Imperial Russia Ivan the Terrible: Term Paper

Excerpt from Term Paper :

The kingdom was left in ruins to Ivan's childless remaining son, Feodor, but soon came under the leadership of Boris Godunov, the brother of Ivan's last rape and one suspected murder.

Perrie and Pavlov single themselves out from the historical mass in their examination of Ivan IV by separating the man from the ruler; outside of a Stalinist examination of the ruler, they found a tyrant whose sadist cruelty was separate from his ability to centralize power and build the first Russian autocracy from which hundreds of years of greatness would follow. Yet, they clearly understand that it would be foolish to separate the pathological personality of Ivan from his reign; it does, in fact, serve to solidify many of his actions and the monstrous attempts at his thirsty control for absolute power. They recognize his epitaph - groznyi - as the source of the ruler whose leadership was awe-inspiring and fearsome, if frequently confounding and frightening.

Additionally, they succeed in separating the modern interpretation of Russia from the popular imagination of sixteenth-century Europe. It was unlike its Northern and southern neighbors, both greater in its imperialism and poverty. Nevertheless, while London was built of wood, the Kremlin glistened over the Russians upon whom the rest of Europe viewed with barbarian contempt. In the book's early sections, particularly throughout the Introduction, Perrie and Pavlov frame the tsar's development as one in the midst of riches at once marveled and ignored on the international spectrum. Understanding the leader as a symbol of the state - both great but without due deference - many of his actions, particularly his political extension and pursuit for cruel, ravaging omnipotence solidify in sound comprehension.

Despite geographic and regional differences, the feelings of Northern Europe and the early Renaissance were reciprocated in Ivan's Russia. Under Ivan IV, this "Russian Renaissance" was born of the insecurities of the time. Popular proclivity for witchcraft, heresies, exotic medicine, astrology, and alchemy were as rampant in Moscow as Europe at large, and revealed a greater breakdown of old forms and relations in a world full of mysterious forces and dangers. This mood was starkly opposed to that of the traditional medieval Russian prince. Previous rulers like Dmitrii were viewed as victorious, just, and all-powerful as a result of their Christian reverence.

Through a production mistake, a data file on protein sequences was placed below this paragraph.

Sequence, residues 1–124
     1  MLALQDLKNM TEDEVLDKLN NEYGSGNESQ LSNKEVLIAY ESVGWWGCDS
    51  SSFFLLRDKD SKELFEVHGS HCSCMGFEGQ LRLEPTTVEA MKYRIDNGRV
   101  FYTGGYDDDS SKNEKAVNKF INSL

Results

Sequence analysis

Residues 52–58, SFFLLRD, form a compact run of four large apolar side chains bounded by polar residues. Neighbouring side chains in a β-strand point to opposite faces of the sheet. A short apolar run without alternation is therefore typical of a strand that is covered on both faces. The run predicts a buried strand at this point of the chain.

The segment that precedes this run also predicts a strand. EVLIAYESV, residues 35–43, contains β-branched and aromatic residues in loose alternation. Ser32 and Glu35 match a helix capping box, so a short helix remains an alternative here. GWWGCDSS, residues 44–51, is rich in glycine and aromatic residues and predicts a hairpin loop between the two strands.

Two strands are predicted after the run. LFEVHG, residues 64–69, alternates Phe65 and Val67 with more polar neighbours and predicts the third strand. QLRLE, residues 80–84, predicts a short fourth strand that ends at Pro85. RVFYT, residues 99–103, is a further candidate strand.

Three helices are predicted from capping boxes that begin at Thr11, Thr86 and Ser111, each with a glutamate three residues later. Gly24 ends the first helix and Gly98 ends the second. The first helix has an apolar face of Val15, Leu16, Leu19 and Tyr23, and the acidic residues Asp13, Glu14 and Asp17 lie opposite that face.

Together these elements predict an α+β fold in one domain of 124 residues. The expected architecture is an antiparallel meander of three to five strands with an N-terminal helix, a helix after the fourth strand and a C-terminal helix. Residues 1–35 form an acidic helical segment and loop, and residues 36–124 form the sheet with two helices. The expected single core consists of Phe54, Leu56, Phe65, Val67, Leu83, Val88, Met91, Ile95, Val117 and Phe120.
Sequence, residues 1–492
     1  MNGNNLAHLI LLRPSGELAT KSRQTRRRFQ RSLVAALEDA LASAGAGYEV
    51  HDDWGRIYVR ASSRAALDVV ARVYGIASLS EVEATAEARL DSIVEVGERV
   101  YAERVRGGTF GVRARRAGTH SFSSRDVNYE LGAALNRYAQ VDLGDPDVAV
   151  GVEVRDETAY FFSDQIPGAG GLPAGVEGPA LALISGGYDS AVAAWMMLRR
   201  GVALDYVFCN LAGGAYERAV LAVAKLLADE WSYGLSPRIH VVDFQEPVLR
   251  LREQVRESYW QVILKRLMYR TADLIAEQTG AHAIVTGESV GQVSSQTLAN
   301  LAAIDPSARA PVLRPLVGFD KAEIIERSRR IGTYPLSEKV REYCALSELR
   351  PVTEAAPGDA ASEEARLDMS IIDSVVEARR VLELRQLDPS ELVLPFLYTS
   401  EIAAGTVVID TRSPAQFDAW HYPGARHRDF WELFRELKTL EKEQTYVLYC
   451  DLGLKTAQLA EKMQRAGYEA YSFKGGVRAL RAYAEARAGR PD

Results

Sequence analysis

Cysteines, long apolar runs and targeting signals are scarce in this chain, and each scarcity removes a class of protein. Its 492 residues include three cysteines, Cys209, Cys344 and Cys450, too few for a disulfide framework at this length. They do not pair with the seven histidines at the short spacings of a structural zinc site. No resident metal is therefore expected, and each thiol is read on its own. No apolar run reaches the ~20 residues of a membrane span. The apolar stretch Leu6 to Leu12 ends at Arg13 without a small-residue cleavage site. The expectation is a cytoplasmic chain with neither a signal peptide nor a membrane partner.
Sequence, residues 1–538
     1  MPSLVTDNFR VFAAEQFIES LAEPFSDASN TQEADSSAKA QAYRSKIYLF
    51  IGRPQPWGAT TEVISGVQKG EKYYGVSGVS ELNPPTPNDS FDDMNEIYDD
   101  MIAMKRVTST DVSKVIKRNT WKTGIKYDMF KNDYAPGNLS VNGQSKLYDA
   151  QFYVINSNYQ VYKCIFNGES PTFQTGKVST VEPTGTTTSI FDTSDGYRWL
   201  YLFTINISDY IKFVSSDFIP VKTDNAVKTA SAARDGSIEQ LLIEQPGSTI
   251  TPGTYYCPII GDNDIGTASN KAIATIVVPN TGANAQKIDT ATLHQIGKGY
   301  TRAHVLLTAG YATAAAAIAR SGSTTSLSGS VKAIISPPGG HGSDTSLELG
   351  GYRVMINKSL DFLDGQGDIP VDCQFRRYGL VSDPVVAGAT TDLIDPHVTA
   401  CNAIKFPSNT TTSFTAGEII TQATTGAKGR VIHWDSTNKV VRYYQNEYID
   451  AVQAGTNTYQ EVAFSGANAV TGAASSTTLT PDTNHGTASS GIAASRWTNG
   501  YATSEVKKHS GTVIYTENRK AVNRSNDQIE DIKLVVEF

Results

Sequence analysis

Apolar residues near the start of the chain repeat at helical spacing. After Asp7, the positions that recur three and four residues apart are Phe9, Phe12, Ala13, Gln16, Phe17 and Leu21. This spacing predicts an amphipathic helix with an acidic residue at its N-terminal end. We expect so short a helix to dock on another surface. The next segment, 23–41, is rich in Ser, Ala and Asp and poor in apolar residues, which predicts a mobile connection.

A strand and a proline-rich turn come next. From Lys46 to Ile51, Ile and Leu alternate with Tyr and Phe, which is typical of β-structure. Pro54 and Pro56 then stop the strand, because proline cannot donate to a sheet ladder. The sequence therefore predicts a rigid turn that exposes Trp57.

The role he embodied reflected that expected of him, and in the changing tide of Russian society as throughout all of Europe, Ivan was hurled into a new sense of leadership where the image of the subservient ruler, simplistic in his closeness to God, was no longer entirely applicable. Ivan too stressed his role as a Christian ruler, but his image was not superimposed upon tat of the princely saint, but instead of a powerful ruler so versed in educational erudition that his reign and crown were wielded to the same power as that of his greatest enemy, the king of Poland and Lithuania.

His challenges were greater than those of his predecessors, and he approached them with a centralized control he saw as divinely bestowed and secularly enforced with a power both right and necessary.

Ivan Groznyi filled history texts and the hearts of all Russians with fear and terror. In his early years, he was a formidable ruler, but as mental instability gave way to political uncertainty, his great power and hunger for control threw Russia into the danger for which the tsar is so famous. Pavlov and Perrie present a tri-fold representation of Ivan as more than just a 'crazed tyrant' but as a leader obsessed with his unlimited rule, infuriated by his power struggles, and powerfully - if obliquely - devout to a stately religion. In territorial expansion, mythology, and the symbols of his great monarchy, he achieved a system of autocratic rule…

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https://www.paperdue.com/essay/imperial-russia-ivan-the-terrible-67907

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